Policy and Challenges of Contextualization for School-Based Counselling in Countries in Eastern and Southern Africa

  • Chika Eze
  • Sahaya G. Selvam
  • Josephine Adibo
  • Mandu Selepe
  • Sewela Monicca Ramaboea
Chapter

Abstract

Globally, learners in schools are exposed to psychological stressors that often warrant provision of counselling services as preemptive and curative measures to maintain their mental health. Consequently, schools at all levels are required to provide counselling services, which within Africa continent, are popularly provided under the umbrella of guidance and counselling. For effective provision of any guidance and counselling services, there is a need to put some policies in place as operative guidelines. Primarily, these policies are meant to direct as well as orient counselling psychologists towards appropriate provision of counselling services to the school-based learners. In addition, these policies ought to act as legal principles that protect the interest of both the client and the counsellor in case of any mishap. In this context, the present chapter presents an in-depth discussion on the formulation of coherent policies for conducting school-based counselling within the context of Eastern and Southern Africa. Furthermore, it assesses existing policies in relation to their appropriateness and challenges. The chapter pays great attention to contextual issues that might be peculiar to Eastern and Southern African context in order to ensure that policy is tailored to suit the background for which it is designed. Consequently, the chapter makes recommendations for addressing the identified challenges so as to facilitate more egalitarian policies for school-based counselling, which ought to maintain not only mental health among school learners but also attract them to freely opt to access and appreciate the services rendered by school-based counsellors. Accordingly, counselling services provided at the school level would go a long way to achieve its utmost aim of helping students to better understand ‘who they are’, and ‘who they are becoming’, leading them to optimal utilization of their potential.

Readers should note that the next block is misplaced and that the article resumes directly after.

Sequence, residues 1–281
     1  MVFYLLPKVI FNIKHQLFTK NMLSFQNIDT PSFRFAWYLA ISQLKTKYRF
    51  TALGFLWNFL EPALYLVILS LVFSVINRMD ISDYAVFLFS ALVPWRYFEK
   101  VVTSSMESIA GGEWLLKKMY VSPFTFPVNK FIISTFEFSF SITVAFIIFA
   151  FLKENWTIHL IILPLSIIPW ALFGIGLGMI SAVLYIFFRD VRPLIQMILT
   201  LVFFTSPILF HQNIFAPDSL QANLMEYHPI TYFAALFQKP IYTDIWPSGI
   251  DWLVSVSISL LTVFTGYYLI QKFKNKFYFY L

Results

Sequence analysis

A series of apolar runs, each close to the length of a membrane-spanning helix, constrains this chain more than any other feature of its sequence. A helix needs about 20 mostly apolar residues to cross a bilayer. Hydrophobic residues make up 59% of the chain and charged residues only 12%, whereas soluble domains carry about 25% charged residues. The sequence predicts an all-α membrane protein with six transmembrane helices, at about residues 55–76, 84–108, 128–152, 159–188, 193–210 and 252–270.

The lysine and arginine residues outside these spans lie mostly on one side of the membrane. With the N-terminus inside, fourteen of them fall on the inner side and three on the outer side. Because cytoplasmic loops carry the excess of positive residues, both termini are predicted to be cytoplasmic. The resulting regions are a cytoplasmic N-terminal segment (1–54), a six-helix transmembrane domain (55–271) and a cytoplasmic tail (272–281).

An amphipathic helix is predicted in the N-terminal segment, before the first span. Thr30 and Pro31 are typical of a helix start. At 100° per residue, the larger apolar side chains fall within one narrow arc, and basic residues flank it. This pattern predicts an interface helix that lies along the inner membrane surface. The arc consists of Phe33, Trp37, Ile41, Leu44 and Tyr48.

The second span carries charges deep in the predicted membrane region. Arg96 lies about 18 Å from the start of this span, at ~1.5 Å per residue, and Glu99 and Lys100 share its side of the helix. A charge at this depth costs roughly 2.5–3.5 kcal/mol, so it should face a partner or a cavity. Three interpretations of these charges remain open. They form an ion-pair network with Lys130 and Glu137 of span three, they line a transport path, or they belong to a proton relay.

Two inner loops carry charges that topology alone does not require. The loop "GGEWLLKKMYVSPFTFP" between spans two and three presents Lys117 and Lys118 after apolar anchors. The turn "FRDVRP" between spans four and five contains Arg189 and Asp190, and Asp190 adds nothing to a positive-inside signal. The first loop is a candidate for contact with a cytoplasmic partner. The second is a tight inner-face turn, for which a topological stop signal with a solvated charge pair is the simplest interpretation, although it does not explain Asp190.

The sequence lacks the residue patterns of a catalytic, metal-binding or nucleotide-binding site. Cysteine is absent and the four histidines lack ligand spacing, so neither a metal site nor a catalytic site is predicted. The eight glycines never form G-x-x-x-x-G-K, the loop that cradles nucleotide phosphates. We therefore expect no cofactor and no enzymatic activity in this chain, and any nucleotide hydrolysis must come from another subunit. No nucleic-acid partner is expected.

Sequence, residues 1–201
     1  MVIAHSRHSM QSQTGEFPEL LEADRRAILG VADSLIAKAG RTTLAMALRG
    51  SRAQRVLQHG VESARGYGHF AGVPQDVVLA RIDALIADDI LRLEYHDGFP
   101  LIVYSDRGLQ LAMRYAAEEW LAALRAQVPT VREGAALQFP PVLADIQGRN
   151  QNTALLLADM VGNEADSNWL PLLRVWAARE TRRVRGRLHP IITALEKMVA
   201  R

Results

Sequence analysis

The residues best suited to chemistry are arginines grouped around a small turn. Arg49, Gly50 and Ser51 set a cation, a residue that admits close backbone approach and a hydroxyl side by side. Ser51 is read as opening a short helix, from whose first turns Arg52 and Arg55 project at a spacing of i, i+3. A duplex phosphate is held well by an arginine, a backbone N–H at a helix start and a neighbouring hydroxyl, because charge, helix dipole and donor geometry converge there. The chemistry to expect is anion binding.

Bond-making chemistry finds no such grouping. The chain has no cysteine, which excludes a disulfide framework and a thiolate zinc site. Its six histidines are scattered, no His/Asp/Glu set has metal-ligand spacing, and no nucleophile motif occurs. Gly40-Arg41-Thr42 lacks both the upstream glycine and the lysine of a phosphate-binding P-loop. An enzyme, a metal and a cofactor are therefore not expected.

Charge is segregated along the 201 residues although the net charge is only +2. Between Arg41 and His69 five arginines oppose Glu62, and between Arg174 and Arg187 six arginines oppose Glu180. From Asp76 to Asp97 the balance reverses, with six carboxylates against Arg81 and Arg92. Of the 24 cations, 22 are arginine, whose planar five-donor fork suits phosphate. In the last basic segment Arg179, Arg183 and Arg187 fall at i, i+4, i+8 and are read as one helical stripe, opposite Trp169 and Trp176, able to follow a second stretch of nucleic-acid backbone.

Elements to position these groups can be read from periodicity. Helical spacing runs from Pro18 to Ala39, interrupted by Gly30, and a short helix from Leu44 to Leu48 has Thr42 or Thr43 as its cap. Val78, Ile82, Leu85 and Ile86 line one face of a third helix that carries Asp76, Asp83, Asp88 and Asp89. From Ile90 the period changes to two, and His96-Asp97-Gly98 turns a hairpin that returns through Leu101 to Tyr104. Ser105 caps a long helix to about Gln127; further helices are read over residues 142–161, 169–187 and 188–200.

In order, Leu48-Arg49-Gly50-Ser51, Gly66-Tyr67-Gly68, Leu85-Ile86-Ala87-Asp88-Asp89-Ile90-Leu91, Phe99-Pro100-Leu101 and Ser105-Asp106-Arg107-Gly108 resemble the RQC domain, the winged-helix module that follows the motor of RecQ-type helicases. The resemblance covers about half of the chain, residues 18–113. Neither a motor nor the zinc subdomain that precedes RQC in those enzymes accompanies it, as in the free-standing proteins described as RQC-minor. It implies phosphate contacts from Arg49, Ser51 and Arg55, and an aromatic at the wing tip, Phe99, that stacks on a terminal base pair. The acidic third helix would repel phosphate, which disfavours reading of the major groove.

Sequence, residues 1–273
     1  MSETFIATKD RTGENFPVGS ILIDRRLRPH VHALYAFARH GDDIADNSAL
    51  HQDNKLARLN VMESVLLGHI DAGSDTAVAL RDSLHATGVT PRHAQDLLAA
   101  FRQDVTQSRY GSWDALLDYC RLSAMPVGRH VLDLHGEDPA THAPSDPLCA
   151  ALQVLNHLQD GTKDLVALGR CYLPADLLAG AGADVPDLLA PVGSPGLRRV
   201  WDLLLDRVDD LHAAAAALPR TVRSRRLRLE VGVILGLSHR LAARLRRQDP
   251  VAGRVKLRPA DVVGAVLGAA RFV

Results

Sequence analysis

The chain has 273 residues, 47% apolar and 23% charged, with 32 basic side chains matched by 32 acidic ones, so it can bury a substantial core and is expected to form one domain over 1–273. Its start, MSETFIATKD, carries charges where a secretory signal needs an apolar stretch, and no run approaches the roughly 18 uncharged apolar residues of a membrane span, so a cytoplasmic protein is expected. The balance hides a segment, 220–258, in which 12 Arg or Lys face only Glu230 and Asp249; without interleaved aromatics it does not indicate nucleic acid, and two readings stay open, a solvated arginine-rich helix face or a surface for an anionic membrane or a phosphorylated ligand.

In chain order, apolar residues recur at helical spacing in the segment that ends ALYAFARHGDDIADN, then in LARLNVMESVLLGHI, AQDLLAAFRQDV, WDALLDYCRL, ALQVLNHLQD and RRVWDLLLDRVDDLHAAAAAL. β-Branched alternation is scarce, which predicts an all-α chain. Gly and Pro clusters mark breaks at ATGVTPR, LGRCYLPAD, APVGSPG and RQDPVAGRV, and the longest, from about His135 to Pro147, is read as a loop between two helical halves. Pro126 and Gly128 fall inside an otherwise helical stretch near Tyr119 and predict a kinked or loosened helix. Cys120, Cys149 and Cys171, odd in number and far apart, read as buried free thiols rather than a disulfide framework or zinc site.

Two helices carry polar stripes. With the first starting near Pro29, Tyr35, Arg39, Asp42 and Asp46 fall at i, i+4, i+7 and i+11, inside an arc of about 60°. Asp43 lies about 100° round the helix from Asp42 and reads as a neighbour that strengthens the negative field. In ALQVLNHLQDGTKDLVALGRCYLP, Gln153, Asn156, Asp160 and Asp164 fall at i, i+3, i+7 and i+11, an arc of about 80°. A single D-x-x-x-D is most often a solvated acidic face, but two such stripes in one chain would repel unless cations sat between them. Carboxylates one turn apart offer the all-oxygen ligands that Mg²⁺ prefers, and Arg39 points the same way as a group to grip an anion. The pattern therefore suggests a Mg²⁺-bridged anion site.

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Copyright information

© Springer International Publishing AG 2017

Authors and Affiliations

  • Chika Eze
    • 1
  • Sahaya G. Selvam
    • 1
  • Josephine Adibo
    • 2
  • Mandu Selepe
    • 3
  • Sewela Monicca Ramaboea
    • 4
  1. 1.Institute of Youth StudiesTangaza University College, The Catholic University of Eastern AfricaNairobiKenya
  2. 2.The Catholic University of Eastern AfricaNairobiKenya
  3. 3.University of LimpopoPolokwaneSouth Africa
  4. 4.Botlokwa HospitalPolokwaneSouth Africa

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